Scottish government offers funding for innovative cyber security solutions

A Scottish government pilot scheme aiming to boost innovation in the public sector is offering £15,000 for a developer with a cyber security idea that could be used by government, and has singled out blockchain as of particular interest.

That light bulb moment: Pilot seeks innovative solutions for cyber security problems – Photo credit: Pexels

The CivTech pilot, launched earlier this year, aims to find digital solutions for public sector problems by bringing together industry, public bodies and citizens.

The scheme offers developers and entrepreneurs the chance to compete in open challenges – rather than through closed tenders – with the aim being to bring in new companies and increase innovation.

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The latest challenge, launched yesterday and called the WildCard Challenge, is to tackle cyber security in the public sector.

Martin Beaton, cyber security network integrator for Scotland, said the project was about “kick-starting” cyber security innovation in Scotland.

“We are looking for something with huge commercial potential and want to help trigger a successful business in the industry by giving budding entrepreneurs a boost and the support they need to do this,” Beaton said.

Blockchain bonus

In a statement, CivTech said it was looking for “new cyber security products and ideas that have a clear application for the public sector and significant commercial potential in the fight against cyber threats and IT disruption”.

It added that proposals using blockchain technology would be “specifically welcomed”. This distributed ledger technology has received widespread attention recently, with the society representing local government IT managers, Socitm, saying it could be “enormously disruptive” to public sector services and greatly encourage innovation.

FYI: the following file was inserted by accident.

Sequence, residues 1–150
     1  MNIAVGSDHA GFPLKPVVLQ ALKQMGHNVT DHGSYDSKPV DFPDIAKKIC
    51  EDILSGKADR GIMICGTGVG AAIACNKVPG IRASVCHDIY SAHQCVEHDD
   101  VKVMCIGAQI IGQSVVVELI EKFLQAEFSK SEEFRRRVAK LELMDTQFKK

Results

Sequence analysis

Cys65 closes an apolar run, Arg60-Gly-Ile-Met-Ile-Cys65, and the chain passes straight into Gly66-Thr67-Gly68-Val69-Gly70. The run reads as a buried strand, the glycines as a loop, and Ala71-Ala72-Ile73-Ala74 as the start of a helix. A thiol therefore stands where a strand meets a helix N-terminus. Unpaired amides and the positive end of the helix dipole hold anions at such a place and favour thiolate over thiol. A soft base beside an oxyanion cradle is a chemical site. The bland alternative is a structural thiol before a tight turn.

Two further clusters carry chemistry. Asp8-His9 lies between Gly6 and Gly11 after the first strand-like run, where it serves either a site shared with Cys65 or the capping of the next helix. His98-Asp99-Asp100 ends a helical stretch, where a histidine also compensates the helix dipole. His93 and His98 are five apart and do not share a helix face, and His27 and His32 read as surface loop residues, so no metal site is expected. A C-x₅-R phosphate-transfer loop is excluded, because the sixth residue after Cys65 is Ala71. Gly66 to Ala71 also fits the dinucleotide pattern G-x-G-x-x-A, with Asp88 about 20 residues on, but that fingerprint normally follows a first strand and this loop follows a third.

However, Adam Cooper from the Government Digital Service has cautioned against getting too caught up in “the hype” around blockchain, noting that it is “essentially just another database technology” that won’t be applicable to all problems.

CivTech challenge

In its statement launching the cyber security scheme, CivTech said that the previous six challenges, which closed for applications on 1 August and covered environment, health and transport, had received an “overwhelming positive response”.

Beaton said this showed there was a strong demand for encouraging innovation in the public sector in this way.

“It’s all about bringing together public sector organisations and private sector innovation, with the aim of stimulating the agenda and putting Scotland on the cyber security map,” he said.

Applicants can be from any size company, but must be based in Scotland. The idea must be either new or at an early-stage of development, with a clear link to the public sector.

The closing date for applications to the cyber security challenge is 5 September and the winner will receive £15,000 funding and a place on CivTech’s three-month accelerator programme in Edinburgh.


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